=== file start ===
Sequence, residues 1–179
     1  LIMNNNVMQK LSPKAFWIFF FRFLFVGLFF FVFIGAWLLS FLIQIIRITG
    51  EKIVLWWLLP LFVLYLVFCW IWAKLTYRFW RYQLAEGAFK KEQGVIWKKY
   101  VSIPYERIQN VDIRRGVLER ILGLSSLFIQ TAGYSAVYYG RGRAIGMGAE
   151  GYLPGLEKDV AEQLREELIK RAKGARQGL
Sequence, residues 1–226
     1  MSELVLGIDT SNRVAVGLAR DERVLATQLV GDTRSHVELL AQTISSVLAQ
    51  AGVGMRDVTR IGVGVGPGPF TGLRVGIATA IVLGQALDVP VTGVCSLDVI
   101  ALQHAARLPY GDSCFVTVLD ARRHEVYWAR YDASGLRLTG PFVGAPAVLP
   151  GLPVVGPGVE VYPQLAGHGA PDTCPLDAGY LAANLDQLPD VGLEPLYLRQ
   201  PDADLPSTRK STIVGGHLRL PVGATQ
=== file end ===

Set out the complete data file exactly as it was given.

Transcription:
Sequence, residues 1–179
     1  LIMNNNVMQK LSPKAFWIFF FRFLFVGLFF FVFIGAWLLS FLIQIIRITG
    51  EKIVLWWLLP LFVLYLVFCW IWAKLTYRFW RYQLAEGAFK KEQGVIWKKY
   101  VSIPYERIQN VDIRRGVLER ILGLSSLFIQ TAGYSAVYYG RGRAIGMGAE
   151  GYLPGLEKDV AEQLREELIK RAKGARQGL
Sequence, residues 1–226
     1  MSELVLGIDT SNRVAVGLAR DERVLATQLV GDTRSHVELL AQTISSVLAQ
    51  AGVGMRDVTR IGVGVGPGPF TGLRVGIATA IVLGQALDVP VTGVCSLDVI
   101  ALQHAARLPY GDSCFVTVLD ARRHEVYWAR YDASGLRLTG PFVGAPAVLP
   151  GLPVVGPGVE VYPQLAGHGA PDTCPLDAGY LAANLDQLPD VGLEPLYLRQ
   201  PDADLPSTRK STIVGGHLRL PVGATQ